Also, I’ve also taught a student named [name_u]Messiah[/name_u], and as a [name_u]Christian[/name_u] I find that mildly offensive as well, but again, no one else said anything the entire year I was with that student!


I don’t see why its offensive but since a lot of people do, I’d probably stay away from it.

Oh, honey, I am so sorry you thought I was taking a tone with you! Yes, that’s exactly what is wrong with my response, despite that being a fragment of one sentence expressing my frustration at anti semitism me and my future children will experience. But no, it’s definitely more important that your feelings aren’t hurt while doing the bare minimum to maintain human decency and not offend someone (

… really? The bare minimum).

I know it’s hard to admit your wrong. I know it’s hard to admit your prejudices (I’m a white passing teenage girl from [name_u]New[/name_u] [name_m]York[/name_m], I know I have a few!). But you know what I don’t know? I don’t know why people have such a big issue with minorities (because Jews are minorities even if we are practically invisible in the mainstream) being frustrated when answering anti-whatever questions over and over again when, guess what? The answer stays the same.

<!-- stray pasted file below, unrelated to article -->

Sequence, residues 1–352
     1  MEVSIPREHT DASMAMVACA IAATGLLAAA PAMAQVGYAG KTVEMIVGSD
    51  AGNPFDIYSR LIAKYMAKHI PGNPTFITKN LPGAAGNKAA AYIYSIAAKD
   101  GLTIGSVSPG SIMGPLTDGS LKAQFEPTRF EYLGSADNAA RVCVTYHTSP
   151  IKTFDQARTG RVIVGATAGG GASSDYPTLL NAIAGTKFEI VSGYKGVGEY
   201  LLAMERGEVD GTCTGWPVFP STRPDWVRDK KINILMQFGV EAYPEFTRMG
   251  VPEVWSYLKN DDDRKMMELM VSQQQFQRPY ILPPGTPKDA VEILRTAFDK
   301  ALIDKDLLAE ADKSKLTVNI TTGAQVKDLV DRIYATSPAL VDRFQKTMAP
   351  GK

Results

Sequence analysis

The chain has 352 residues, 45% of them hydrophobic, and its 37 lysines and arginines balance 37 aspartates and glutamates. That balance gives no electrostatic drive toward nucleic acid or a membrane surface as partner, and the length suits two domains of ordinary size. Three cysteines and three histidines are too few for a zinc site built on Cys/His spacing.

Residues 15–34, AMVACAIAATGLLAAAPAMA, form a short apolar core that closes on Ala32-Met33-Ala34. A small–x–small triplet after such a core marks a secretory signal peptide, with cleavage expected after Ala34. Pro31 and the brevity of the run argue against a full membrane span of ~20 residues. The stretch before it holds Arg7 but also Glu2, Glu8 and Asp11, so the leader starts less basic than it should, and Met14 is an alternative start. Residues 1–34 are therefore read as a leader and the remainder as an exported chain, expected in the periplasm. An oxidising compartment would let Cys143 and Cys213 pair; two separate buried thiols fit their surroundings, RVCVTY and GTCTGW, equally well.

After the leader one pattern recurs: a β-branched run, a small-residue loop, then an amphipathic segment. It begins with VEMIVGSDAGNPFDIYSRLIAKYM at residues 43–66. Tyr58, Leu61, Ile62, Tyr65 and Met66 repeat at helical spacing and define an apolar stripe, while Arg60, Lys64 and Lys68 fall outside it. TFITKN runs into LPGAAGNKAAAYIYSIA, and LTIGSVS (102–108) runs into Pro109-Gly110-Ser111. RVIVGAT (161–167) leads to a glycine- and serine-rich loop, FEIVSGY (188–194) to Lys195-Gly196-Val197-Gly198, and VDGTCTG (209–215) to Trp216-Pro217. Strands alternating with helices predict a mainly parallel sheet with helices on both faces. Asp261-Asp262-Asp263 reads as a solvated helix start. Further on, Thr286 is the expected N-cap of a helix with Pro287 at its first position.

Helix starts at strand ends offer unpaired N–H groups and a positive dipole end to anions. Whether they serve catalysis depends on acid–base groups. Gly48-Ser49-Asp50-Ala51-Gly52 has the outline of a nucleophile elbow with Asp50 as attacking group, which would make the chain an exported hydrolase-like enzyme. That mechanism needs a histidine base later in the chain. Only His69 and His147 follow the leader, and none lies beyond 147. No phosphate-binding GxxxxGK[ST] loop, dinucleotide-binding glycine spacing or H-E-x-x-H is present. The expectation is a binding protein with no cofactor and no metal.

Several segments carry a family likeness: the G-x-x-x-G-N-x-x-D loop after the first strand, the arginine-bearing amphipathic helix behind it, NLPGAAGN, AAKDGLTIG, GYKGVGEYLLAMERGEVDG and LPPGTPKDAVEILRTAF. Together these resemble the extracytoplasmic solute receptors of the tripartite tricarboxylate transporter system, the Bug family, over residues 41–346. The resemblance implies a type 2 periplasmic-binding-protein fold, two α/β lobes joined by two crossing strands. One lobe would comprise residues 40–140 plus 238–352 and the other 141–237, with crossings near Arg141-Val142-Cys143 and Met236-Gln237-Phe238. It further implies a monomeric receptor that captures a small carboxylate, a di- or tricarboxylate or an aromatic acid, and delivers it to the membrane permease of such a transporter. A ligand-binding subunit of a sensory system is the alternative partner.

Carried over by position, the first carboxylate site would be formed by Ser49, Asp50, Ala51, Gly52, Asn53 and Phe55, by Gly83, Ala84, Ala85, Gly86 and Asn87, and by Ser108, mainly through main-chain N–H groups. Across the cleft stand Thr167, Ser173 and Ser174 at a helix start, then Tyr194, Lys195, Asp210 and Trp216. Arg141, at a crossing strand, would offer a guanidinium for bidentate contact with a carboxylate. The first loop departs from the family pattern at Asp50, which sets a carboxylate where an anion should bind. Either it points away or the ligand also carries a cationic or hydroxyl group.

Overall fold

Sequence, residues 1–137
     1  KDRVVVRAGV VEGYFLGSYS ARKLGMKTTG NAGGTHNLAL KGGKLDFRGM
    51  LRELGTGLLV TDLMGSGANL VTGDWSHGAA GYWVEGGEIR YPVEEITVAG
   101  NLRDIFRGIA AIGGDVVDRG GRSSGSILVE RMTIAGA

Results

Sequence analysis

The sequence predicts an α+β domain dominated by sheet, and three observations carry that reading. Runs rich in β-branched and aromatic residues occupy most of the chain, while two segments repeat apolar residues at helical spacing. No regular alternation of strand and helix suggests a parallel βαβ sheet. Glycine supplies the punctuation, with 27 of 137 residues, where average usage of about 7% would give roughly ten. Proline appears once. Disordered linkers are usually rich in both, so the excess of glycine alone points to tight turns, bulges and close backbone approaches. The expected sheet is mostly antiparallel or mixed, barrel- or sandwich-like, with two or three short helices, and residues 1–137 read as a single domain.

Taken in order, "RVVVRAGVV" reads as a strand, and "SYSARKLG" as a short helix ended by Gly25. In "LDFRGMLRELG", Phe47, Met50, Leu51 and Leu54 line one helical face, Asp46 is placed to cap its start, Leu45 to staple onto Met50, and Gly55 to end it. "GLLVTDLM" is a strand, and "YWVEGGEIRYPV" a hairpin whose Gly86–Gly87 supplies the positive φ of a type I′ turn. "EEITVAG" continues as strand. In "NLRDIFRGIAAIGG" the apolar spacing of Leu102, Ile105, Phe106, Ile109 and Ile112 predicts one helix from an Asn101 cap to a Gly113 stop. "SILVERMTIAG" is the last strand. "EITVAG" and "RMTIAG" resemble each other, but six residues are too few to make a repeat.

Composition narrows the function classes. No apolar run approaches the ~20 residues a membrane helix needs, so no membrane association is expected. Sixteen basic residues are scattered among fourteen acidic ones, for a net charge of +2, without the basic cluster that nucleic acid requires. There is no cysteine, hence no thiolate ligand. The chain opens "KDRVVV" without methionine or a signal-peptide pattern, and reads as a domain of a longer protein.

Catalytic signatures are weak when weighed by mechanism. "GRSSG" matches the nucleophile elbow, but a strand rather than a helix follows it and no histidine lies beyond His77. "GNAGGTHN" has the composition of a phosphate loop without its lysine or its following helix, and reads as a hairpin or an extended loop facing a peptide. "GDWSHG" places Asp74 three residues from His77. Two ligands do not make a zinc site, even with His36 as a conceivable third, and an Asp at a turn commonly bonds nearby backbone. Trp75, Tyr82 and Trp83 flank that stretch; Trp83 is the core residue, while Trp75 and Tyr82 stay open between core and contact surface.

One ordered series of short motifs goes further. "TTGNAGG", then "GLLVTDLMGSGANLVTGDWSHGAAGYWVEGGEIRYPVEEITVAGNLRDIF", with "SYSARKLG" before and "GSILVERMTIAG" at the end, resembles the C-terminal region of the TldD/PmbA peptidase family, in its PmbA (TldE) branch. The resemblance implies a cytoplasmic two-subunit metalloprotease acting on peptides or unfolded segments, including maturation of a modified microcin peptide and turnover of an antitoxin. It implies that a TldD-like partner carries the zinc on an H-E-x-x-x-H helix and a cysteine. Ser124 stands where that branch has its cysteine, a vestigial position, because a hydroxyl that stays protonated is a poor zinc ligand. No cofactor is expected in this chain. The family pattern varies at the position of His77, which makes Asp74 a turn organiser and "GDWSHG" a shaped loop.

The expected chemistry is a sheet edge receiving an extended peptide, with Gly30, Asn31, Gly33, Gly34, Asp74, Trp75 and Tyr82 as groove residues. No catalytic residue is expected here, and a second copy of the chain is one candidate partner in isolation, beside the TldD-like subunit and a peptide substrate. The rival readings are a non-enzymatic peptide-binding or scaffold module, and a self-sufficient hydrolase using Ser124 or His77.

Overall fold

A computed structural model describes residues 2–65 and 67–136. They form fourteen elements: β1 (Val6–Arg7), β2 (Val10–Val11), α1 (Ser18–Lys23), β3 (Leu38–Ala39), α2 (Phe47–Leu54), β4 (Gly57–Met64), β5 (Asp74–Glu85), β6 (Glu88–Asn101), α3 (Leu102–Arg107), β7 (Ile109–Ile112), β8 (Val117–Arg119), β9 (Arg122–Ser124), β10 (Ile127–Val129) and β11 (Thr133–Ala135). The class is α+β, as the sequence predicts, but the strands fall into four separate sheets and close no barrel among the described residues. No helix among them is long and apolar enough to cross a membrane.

For anyone looking back on this:
Part of educating yourself is finding the information without a minorities help. I would have taken a different tone in that one fragment of a sentence if the original post said something like “I read such and such article and it said this, but I also watched such and such and it said this, what’s the common consensus now?”. I (and most people) aren’t asking you to dedicate your whole lives to direct activism. We just want you to listen to us the first time we say it, and take the five minutes to educate yourself on topics you might not understand.